Here today gone tomorrow is more or less the motto of the times. The Man from Madras Musings reflects on the number of people he knows who have fallen victim to the current pandemic and pays a silent tribute to them all. Yes, these are depressing times. You could almost be Samuel Pepys as he walked about London during the plague. The general gloom and doom has however caught on to such an extent that anybody who falls ill is immediately spoken of as a victim of Covid. Worse, there is a tendency to write off any and everyone who is afflicted by the virus, while statistics reveal just the opposite. Our city’s recovery rate has been really good, and as for the few who die, the reasons are generally due to pre-existing medical conditions or, in some unfortunate cases, heavy exposure to the virus.
Which is why this ghoulish delight that our city has been taking in composing obituaries for those not yet gone or well on their way to recovery has been puzzling MMM. The first was a master scientist, happily still with us. Those who hang on to MMM’s every word will recall that obituaries were penned on that great man and not all were withdrawn thereafter. Then came the news that a silk baron was terminally ill and then dead. Immediately the city’s professional mourners flooded social media with the usual writing – Oh-he-was-such-a-humble man,-he-recognised-my-greatness-the-moment-we-met kind of thing. Then the baron’s son-in-law denied the whole news report of the death. Silk baron was alive, though not well. So, Roving Mourners, Kindly Verify about sums it up.
All of this was nothing compared to the brouhaha over a shop that sold fried stuff via a window near the temple in Peacock Town. Known to all as the window shop, it was suddenly broadcast in most media that the man who owned the window shop was dead. Lengthy obituaries were written for the shop and its owner. And then two days later came a denial. The owner gave an interview that he was very much alive and it was his brother, who worked at a Government office by day and assisted at the shop each evening, he being the person who handed out the parcels to the clientele, that had passed away because of Covid. The obit writers were not exactly happy with this turn of events. Some felt let down and opined that the least the owner could have done, given the volumes of savouries they had bought off him, was to have kept quiet, and not brought the error to public notice. Others chose to simply deny the existence of the brother and insisted that it was the owner who had passed on, leaving rather like the Man in the Iron Mask, a changeling in his place.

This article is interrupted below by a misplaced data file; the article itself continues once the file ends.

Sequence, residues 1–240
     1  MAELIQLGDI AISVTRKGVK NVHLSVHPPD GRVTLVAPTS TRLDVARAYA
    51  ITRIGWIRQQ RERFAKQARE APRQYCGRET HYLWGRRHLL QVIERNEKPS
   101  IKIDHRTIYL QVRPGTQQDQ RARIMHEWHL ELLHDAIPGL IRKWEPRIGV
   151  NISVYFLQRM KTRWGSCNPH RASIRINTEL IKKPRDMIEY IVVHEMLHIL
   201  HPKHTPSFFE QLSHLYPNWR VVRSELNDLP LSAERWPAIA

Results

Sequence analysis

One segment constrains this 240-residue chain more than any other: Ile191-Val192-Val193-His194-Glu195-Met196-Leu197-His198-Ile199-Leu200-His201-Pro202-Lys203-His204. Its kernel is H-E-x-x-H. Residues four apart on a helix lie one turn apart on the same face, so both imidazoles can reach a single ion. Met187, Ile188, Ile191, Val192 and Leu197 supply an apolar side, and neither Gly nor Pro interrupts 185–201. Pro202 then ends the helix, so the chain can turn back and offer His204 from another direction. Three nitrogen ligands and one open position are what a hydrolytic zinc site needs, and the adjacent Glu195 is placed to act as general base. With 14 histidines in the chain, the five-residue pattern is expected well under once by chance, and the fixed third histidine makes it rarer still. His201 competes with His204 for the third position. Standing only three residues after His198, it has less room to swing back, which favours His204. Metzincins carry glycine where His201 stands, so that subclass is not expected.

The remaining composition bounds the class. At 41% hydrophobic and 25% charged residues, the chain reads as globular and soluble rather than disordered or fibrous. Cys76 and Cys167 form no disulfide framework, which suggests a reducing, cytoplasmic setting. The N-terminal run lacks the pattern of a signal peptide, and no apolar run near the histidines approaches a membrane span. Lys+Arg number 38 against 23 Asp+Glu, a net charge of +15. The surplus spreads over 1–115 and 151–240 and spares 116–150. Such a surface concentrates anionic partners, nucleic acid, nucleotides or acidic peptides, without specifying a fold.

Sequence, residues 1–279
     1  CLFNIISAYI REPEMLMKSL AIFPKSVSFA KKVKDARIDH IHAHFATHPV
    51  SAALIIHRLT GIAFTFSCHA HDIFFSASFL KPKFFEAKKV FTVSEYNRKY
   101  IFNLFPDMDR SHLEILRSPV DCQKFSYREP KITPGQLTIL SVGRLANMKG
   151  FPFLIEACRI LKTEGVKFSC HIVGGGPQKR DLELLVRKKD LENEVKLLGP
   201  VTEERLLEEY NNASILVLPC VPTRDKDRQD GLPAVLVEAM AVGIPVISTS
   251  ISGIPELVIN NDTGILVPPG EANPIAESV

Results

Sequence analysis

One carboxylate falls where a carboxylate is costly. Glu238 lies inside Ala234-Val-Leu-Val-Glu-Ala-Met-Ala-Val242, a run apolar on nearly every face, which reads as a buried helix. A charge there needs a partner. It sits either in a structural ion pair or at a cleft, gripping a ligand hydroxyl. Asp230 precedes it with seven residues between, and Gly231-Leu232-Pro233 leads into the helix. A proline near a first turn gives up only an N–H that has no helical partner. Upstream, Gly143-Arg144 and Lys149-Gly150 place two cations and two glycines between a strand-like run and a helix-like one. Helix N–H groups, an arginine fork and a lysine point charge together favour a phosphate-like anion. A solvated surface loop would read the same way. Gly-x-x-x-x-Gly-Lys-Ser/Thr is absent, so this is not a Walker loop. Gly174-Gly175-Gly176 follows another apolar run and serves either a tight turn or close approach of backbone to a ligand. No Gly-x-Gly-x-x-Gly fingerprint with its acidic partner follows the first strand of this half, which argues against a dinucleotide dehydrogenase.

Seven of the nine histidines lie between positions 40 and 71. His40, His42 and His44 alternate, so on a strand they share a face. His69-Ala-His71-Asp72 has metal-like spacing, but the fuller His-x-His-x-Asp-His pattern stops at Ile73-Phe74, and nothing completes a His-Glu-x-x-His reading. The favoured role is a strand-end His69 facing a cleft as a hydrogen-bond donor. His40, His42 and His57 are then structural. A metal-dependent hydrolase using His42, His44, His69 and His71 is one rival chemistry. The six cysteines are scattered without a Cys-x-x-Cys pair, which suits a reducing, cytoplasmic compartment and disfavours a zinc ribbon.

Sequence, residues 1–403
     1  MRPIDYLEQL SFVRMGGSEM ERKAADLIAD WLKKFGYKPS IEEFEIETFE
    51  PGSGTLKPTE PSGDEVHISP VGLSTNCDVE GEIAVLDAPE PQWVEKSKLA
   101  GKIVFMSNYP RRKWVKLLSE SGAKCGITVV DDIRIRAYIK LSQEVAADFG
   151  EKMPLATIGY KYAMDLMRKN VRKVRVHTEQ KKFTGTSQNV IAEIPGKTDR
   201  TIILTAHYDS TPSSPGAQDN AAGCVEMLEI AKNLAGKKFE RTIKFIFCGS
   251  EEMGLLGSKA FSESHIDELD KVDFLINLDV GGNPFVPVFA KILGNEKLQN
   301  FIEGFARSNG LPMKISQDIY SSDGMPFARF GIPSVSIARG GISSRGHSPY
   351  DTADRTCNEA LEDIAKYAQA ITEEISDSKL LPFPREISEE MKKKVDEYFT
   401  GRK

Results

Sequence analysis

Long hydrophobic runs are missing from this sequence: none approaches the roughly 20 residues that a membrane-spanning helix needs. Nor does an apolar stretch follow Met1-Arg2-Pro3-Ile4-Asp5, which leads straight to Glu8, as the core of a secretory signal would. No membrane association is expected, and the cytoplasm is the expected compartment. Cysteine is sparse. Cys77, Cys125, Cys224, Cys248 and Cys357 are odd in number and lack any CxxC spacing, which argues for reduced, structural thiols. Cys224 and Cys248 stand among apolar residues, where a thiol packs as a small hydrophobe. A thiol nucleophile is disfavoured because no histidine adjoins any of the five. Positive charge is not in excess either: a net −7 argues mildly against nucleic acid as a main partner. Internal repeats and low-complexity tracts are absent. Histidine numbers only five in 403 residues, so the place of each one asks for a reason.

A more thorough investigation revealed some new facts. Apparently, there were always two men at the shop. The one at the stove was the owner of the shop and he was never to be seen at the window. On the other hand, most people knew only the man at the window of the shop, he never having worked over the stove. Therefore most assumed that the man at the window owned the window shop, when actually this was not so, the stove man and not the window man being the owner. The window man, as we now know, worked with the accounts department of the Government. Therefore when media men (and women) saw the photo of the window man in the obit columns they assumed that the owner of the window shop was dead when all along it was only the man at the window, the real owner being as we now know being the man at the stove. Hence the flood of obituaries. But now there is greater clarity – the man at the window of the window shop is dead and he never owned the window shop. The man who owned the window shop, but who was never at the window, is alive and he plans to reopen soon. The million dollar question however is, who will now stand at the window of the window shop?
There are some however who chose to disbelieve it all. The man who stood at the window was the real owner they assert. But because he was working for the Government, he hid his ownership and let the brother hog the limelight, though not the window, they say. But as these are the ones who wrote the biggest obits, MMM chooses to disbelieve them.
Moral of the story – those by the window may leave behind a widow while those at the stove stroke a controversy and the rest do what they do best – comment as if they know everything when actually they know nothing and hence, “jest, simbly” take “bajji” from the “jennal” and like “minnal” go with the “thendral”.
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